FIG. 53 is a graphical representation of the in vivo release rate of rapamycin from a combination of rapamycin, mycophenolic acid and certain polymers in a porcine pharmacokinetic study. In this study, rapamycin and mycophenolic acid are incorporated into a base coat of certain EVA / BMA polymer. The total weight of this base coat is 600 micrograms, and rapamycin and mycophenolic acid together account for 30% by weight of the base coat (180 micrograms rapamycin, 180 micrograms mycophenolic acid, 240 Microgram is EVA / BMA). In this case, curve 5302 shows the release of rapamycin from the base coat without the top coat. Curve 5304 shows the release of rapamycin from the base coat using a 100 microgram BMA top coat. Further, curve 5306 shows the release of rapamycin from the base coat using a 200 microgram BMA top coat. As a result, the BMA topcoat retards the release of rapamycin from the basecoat, which provides a constant mechanism for more controlled drug release.

  FIG. 54 is a graphical representation of the in vivo release rate of mycophenolic acid from a combination of rapamycin, mycophenolic acid and certain polymers in a porcine pharmacokinetic study. In this study, rapamycin and mycophenolic acid are incorporated into a base coat of certain EVA / BMA polymer. The total weight of this base coat is 600 micrograms, and rapamycin and mycophenolic acid together account for 30% by weight of the base coat (180 micrograms rapamycin, 180 micrograms mycophenolic acid, 240 Microgram is EVA / BMA). In this case, curve 5402 shows the release of mycophenolic acid from the base coat without the top coat. Curve 5404 represents the release of mycophenolic acid from the base coat using a 100 microgram BMA top coat. Furthermore, curve 5406 shows the release of mycophenolic acid from the base coat using a 200 microgram BMA top coat. As a result, similar to the rapamycin pharmacokinetic study, the BMA top coat delayed the release of mycophenolic acid from the base coat, which is a constant mechanism for controlling the higher drug release. Is given. However, mycophenolic acid elutes relatively completely in a shorter duration than rapamycin.

  FIG. 55 is a graphical representation of the in vitro release rate of rapamycin from certain combinations of rapamycin and mycophenolic acid. In this study, rapamycin and mycophenolic acid are incorporated into a base coat of certain EVA / BMA polymer. The total weight of this base coat is 600 micrograms, and rapamycin and mycophenolic acid together account for 30% by weight of the base coat (180 micrograms rapamycin, 180 micrograms mycophenolic acid, 240 Microgram is EVA / BMA). This in vitro test has been performed twice for each coating. In this case, curve 5502 shows the release of rapamycin from the base coat without the top coat. Curve 5504 represents the release of rapamycin from the base coat using a 100 microgram BMA top coat. Furthermore, curve 5506 shows the release of rapamycin from the base coat using a 200 microgram BMA top coat. As a result, the BMA top coat retards the release of rapamycin from the base coat in in vitro tests, and this release rate is faster than in vivo tests.

  FIG. 56 is a graphical representation of the in vivo release rates of both rapamycin and mycophenolic acid in a porcine pharmacokinetic study. In this study, rapamycin and mycophenolic acid are incorporated into a PVDF polymer basecoat with a PVDF topcoat. The total weight of this base coat is 600 micrograms, and rapamycin and mycophenolic acid equally account for 2/3 weight percent of the base coat. Furthermore, the top coating is 200 micrograms. In this case, curve 5602 shows the release rate of mycophenolic acid and curve 5604 shows the release rate of rapamycin. As can be easily seen from the figure, rapamycin has a slower release rate than that of mycophenolic acid, which is consistent with the results seen for the EVA / BMA base coat and BMA top coat. I'm doing it. However, an EVA / BMA basecoat with a constant BMA topcoat appears to slow the release rate described above, and thus has a better release or dissolution rate than a constant PVDF basecoat and PVDF topcoat. It is thought that control is performed.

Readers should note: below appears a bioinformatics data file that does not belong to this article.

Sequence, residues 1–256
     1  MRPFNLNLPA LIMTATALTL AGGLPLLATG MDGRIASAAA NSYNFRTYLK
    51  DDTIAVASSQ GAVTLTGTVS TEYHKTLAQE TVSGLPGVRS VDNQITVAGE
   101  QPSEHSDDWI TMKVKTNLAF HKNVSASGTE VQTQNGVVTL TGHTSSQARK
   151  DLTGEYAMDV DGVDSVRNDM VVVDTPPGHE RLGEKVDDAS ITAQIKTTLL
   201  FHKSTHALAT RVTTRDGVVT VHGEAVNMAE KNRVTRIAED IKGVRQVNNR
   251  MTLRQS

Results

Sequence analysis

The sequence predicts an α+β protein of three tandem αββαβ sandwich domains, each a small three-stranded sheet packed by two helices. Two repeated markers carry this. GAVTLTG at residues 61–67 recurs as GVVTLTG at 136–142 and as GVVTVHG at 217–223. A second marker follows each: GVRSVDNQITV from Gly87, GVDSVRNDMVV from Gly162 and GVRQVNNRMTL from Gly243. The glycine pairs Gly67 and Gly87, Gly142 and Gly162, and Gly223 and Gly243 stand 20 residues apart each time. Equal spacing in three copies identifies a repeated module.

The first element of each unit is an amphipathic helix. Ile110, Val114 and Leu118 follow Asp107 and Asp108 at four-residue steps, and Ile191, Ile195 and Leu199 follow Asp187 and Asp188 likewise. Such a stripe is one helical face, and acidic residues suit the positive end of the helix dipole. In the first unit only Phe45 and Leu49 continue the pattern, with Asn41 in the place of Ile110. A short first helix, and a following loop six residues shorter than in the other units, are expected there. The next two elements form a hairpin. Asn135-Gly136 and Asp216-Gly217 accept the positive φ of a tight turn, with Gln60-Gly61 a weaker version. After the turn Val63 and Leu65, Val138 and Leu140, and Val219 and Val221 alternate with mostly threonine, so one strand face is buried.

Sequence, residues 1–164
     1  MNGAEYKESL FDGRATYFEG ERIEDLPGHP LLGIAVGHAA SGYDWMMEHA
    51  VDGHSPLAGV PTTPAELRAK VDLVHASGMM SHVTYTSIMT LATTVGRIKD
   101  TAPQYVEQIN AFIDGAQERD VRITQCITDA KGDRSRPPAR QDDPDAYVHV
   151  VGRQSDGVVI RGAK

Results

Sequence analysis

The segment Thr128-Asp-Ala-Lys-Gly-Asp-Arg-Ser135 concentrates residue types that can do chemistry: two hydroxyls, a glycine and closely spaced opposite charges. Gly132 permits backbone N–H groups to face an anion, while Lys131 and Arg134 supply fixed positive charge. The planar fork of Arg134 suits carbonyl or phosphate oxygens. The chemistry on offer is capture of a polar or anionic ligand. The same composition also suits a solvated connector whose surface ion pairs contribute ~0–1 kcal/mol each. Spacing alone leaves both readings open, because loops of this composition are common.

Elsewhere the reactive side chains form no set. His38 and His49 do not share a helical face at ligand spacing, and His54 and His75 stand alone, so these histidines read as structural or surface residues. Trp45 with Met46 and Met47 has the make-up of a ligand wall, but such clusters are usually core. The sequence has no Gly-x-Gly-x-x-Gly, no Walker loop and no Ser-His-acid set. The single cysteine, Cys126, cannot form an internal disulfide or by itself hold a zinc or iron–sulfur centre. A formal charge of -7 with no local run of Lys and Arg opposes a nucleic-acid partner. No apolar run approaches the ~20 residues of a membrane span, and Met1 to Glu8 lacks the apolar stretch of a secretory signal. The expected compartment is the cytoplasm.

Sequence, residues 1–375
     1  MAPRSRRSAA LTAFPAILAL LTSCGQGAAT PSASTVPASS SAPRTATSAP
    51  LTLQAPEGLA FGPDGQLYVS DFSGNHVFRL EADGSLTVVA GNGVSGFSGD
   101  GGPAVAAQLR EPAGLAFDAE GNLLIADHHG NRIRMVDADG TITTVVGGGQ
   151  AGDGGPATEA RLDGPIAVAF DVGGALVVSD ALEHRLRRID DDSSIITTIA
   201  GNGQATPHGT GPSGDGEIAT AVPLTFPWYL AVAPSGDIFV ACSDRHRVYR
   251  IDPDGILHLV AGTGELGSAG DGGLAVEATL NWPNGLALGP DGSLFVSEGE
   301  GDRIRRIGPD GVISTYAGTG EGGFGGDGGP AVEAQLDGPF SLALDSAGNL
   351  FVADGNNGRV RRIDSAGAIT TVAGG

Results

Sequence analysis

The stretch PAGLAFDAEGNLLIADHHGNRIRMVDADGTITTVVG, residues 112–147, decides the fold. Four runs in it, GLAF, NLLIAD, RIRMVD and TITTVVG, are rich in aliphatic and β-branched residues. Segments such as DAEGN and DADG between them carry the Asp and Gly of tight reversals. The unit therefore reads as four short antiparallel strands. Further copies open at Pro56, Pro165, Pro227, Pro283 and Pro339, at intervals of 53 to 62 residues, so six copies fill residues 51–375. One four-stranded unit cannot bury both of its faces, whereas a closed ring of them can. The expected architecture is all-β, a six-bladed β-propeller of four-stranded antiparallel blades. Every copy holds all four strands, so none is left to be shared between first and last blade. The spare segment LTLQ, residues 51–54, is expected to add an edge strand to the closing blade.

In yet another alternative exemplary embodiment, rapamycin may be utilized in combination with cladribine. Cladribine (2-chlorodeoxyadenosine or 2-CdA) is a 2-chloro-2 'derivative of adenosine, a purine nucleoside. This cladribine is resistant to denaturation by adenosine deamylase, one of the two types of intracellular adenosine nucleotide regulatory enzymes found in most cells. Yet another enzyme, 5'-nucleotidase, is present in variable amounts in different cell types (Carson et al., 1983). After initial phosphorylation of the monophosphate derivative by the intracellular enzyme, 2-CdA, a deoxycytidine kinase, is converted to 5′-triphosphate (2-CdATP), and this 5′-triphosphate ( 2-CdATP) accumulates in an amount that can be 50 times the amount of normal dATP. Thus, in cells such as leukocytes that contain a high ratio (> 0.04) deoxycytidine kinase to 5′-nucleotidase, 2-CdA and its various subsequent metabolites are There is a tendency to accumulate at various pharmacological concentrations (Carson et al.). Furthermore, such large amounts of nucleoside triphosphates are known to inhibit the synthesis of deoxynucleotides required in DNA synthesis by inhibiting the enzyme ribonucleotide reductase when dividing cells rapidly. Yes.